Lack of awareness and knowledge of CKD was one of the most dominant themes in the study, and therefore the most common suggestion for improvement of CKD management was for more information regarding CKD. However, practical suggestions on how to do this were diverse: some wanted information directly from the healthcare providers, and others wanted information in booklet form or even via email. Other patients asked for an interactive session where they could freely ask questions about CKD, and some patients asked for home visits by healthcare providers. These diverse responses suggest that information should be disseminated using a variety of media.

Any platform (for information) will be able to benefit the patient as long as they have the information that they will be able to help how to control or how to improve the kidney problem. Any platform will do. (Patient 19)

Patient-specific advice

Many patients expressed that they received all kinds of advice about CKD from many different sources. As a result, some patients were at a loss as to what information to follow. One patient, when asked if lack of information contributed to poor adherence to treatment, commented that there was a plethora of information available:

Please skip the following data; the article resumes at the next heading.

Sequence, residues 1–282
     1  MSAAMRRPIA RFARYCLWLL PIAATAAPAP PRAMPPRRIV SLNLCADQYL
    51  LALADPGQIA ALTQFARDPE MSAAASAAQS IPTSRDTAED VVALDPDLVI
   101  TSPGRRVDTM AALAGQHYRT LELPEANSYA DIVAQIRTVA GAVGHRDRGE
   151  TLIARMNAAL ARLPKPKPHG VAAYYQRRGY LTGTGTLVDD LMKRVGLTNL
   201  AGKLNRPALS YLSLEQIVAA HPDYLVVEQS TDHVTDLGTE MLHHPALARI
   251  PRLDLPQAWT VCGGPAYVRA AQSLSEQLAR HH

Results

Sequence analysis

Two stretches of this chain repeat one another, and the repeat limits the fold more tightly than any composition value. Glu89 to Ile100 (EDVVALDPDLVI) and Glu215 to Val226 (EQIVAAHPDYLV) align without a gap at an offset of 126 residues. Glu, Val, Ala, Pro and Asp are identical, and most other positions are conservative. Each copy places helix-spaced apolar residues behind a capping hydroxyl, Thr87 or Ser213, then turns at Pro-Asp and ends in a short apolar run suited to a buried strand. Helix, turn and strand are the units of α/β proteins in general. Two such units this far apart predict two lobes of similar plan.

If we are talking about information, there is so much information on the YouTube, on the Google. If you go to polyclinic, you can see the news letters are there… You can see in the community centre the Health promotion their talks. Now already the people or the society or the professional has done a lot of this. So how to say that do they need to tell them? (Patient 6)

Another patient commented that instead of generic advice they would prefer to have personalised information specific to the patient and his/her condition.